Assisted dying – let’s pay attention to the stats

Assisted dying became legally available on Sunday, the first death may be next month and observers are looking out for the statistics on the new law’s take up.

The End of Life Choice Act means people enduring unbearable suffering from a terminal health condition and have a life expectancy of less than six months may now ask for medical help to end their lives.

Provided those preconditions are met, any person aged 18 and over may request voluntary euthanasia – a situation that will potentially impact thousands of New Zealanders.

Disability advocate Chris Ford has two big concerns. One is that the legislation isn’t broadened to include vulnerable groups.

The other concerns keeping complete records and statistics of those choosing assisted dying.

As regards to the  possibility of the legislation being broadened, Ford says this: it is vital it is not further extended to cover, for example, people with psychosocial disability/mental distress or children and young people under the age of 18.

Both of these extensions have happened in recent years in Belgium and the Netherlands, with people from both groups being helped to die, Ford says.

Those of us opposed to voluntary euthanasia should be on our guard in relation to changes to the legislation, he says.

He points out that some of the Act’s key proponents have vowed to have the law amended at the first available opportunity – even before the Act’s first mandated review is completed in five years’ time.

His other concern is possibly unanswerable. “Will we ever truly know that each and every person who opts to take this path has done so of their own free will?” he wonders.

“I hope that the vast majority of people will have done so without coercion but my fear is that some (including a not disproportionate number of older and disabled people) will be at greater risk of manipulation by well-meaning (and perhaps not so well-meaning) family/whānau, friends, and other networks, meaning that effectively they will have had no choice in the matter.”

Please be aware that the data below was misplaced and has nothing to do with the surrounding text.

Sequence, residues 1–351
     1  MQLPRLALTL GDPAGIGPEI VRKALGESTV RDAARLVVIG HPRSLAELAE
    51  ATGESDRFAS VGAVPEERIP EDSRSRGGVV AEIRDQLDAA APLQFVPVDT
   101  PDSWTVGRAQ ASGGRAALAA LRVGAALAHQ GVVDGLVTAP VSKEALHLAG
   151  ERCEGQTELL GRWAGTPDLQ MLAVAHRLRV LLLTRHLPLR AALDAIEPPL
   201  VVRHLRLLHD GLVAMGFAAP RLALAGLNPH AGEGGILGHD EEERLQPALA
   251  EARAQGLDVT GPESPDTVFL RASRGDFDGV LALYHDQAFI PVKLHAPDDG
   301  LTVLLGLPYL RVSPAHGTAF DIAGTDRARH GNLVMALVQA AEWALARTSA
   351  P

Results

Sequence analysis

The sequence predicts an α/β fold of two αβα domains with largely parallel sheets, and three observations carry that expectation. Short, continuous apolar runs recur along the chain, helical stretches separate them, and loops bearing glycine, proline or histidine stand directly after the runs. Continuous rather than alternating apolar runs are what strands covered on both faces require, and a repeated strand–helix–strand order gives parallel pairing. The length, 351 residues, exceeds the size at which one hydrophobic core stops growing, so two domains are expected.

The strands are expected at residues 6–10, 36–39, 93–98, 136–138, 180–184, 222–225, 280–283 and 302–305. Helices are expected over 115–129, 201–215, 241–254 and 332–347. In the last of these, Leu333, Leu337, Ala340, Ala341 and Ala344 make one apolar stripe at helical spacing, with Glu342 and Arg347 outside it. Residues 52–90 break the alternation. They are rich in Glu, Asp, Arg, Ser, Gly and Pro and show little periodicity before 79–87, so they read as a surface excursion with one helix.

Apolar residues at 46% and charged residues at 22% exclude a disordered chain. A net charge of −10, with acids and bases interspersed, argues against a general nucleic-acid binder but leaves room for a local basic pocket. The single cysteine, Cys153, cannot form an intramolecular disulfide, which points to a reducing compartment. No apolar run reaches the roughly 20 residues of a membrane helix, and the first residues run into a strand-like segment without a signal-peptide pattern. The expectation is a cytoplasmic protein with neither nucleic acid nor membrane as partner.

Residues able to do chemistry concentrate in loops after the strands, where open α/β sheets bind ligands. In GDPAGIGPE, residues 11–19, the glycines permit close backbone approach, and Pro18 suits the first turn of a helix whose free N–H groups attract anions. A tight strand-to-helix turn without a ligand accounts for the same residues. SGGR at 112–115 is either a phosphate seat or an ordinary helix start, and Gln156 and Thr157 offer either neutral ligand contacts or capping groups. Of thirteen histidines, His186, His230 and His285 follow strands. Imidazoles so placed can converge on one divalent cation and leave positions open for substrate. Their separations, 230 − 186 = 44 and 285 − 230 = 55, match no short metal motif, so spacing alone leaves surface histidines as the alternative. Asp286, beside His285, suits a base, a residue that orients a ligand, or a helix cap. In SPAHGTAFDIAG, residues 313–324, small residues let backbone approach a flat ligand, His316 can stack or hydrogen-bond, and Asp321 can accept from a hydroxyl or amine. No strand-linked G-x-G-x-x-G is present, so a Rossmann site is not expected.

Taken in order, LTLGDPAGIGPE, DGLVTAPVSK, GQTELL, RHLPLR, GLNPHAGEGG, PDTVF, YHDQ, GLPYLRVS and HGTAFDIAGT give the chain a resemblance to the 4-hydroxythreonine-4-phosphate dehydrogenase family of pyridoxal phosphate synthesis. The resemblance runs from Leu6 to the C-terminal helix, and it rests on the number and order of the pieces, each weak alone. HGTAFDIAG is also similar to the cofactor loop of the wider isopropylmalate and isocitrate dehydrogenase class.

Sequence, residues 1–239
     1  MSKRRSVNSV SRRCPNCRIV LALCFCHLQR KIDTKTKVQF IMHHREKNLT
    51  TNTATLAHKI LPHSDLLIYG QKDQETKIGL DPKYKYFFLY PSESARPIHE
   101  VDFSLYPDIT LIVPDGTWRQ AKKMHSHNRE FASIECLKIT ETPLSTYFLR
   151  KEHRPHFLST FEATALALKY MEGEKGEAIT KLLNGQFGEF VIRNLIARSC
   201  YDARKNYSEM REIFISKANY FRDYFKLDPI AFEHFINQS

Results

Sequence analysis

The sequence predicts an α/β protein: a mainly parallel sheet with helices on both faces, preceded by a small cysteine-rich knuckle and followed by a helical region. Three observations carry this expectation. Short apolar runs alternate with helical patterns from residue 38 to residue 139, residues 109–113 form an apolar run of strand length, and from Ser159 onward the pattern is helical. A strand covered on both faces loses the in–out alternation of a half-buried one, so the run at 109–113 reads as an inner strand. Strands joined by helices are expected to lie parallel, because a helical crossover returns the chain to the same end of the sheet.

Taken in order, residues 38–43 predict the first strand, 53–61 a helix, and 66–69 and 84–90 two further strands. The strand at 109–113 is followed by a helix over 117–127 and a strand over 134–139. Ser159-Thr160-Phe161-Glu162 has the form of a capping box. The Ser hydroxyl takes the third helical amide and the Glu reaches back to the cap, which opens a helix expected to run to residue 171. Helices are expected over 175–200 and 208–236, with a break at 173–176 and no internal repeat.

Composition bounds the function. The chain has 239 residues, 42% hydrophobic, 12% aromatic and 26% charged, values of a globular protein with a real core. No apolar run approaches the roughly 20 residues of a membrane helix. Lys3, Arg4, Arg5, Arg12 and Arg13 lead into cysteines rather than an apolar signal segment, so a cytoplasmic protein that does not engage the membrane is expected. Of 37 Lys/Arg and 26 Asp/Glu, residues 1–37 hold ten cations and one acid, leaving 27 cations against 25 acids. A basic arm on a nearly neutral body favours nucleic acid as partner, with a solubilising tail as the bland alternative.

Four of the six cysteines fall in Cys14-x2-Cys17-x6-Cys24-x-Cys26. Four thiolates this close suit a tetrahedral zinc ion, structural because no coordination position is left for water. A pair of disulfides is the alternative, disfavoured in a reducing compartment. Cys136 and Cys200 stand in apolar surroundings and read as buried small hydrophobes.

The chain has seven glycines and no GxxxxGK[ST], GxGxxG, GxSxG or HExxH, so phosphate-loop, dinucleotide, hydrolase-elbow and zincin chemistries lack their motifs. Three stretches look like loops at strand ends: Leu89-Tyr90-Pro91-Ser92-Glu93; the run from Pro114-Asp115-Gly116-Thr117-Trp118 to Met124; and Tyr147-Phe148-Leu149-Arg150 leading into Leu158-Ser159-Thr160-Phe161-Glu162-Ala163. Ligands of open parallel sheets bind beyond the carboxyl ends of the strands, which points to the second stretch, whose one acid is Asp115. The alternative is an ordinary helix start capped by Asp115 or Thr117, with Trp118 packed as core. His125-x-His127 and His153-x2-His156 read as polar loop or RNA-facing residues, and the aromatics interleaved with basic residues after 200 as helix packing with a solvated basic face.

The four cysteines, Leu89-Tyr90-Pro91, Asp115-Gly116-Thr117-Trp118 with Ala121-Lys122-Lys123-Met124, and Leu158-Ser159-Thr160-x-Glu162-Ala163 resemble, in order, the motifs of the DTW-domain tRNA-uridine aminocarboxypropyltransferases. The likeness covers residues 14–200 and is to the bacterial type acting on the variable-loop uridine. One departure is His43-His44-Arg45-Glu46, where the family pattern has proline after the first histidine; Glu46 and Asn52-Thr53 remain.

Ford says this is why he will be looking at the early statistics of people who have chosen to end their lives to see whether any clear patterns emerge.

“I will be particularly interested to see the age, ethnicity and gender composition of the people who do so,” he says.

Ford will be looking for data about their geographical locations and – most he says importantly for him – whether they self-identify as people who live with pre-existing disabilities/health conditions/impairments which they have had prior to contracting terminal illness.

“I hope the ministry will collate disability data around this too as they are often remiss in doing so when it comes to other health-related data,” he says.

Based on overseas experience, the Ministry of Health estimates about 950 people will apply a year, with up to 350 following through with the option.

The Otago Daily Times reports “It is widely recognised that collecting information on all the whys and wherefores of the process will be important to ensure the Act works as it should.”


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News category: New Zealand, Palmerston.

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